The University of Rochester Medical Center’s pathology lab has begun processing coronavirus tests for nursing home residents who have no symptoms of COVID-19.
Previously, a limited supply of testing materials had restricted local labs almost exclusively to testing people with symptoms of the disease.
More recently, as the labs move toward automated testing systems, their capacity has slowly increased. Last week, URMC said it had begun running tests for people who were hospitalized for surgery, regardless of whether they had COVID-19 symptoms.
Now, the lab said, it can process 400 to 500 samples a day. That leaves room for samples collected from people with respiratory symptoms, as well as people admitted for surgery and some nursing home residents who have no symptoms.
Data from the state health department show that 30% of Monroe County’s COVID-19 deaths are nursing home residents, but with more than 5,000 people living in nursing homes in the county, a spokesperson for URMC said the lab would be overwhelmed if every home submitted samples from every resident.
Hospital administrators said a continuing shortage of nasal swabs would probably prevent the homes from even being able to gather that many specimens.
It was not immediately clear which nursing home residents were tested.
Still, the ability to test some nursing home residents who don’t have symptoms could paint a clearer picture of what has so far been extremely murky: how extensively the coronavirus is spreading among what Monroe County public health commissioner Dr. Michael Mendoza called “perhaps the highest-risk population that you can imagine.”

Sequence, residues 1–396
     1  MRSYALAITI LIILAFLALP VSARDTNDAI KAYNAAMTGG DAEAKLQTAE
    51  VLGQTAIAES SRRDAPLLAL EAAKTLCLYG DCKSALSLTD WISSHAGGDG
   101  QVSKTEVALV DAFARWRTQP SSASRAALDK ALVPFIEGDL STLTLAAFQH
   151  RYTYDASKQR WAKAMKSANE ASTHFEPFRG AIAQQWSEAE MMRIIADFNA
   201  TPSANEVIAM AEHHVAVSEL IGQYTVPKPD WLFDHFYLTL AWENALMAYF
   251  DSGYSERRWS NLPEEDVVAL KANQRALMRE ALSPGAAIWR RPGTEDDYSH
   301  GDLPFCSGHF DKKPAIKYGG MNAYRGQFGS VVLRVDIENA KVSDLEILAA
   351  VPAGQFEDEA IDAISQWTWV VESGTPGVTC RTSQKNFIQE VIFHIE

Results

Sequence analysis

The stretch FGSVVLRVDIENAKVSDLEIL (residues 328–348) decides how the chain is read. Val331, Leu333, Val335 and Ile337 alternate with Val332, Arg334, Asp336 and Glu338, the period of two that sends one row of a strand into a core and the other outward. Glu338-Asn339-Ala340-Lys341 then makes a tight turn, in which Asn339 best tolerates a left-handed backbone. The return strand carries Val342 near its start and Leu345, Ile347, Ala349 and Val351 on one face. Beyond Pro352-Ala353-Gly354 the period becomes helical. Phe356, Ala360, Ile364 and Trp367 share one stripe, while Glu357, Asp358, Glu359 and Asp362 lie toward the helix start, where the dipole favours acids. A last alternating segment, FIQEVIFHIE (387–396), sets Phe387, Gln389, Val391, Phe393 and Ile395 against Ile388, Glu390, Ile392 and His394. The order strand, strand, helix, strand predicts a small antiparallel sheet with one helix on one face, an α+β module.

When residents of a nursing home in Steuben County started dying of COVID-19 last week, officials there ordered facility-wide testing, turning up several positive results.
At a nursing home in Washington state last month, an administrator got test results for every resident even though only two were showing symptoms. Dozens came back positive.
The Monroe County public health department has not yet identified any local clusters, but Mendoza has said nursing home staff could be unknowingly spreading the disease.
Because of the potential for people to transfer the virus before they start showing symptoms, Mendoza said, “it’s reasonable to begin screening asymptomatic individuals, especially if in high-risk settings.”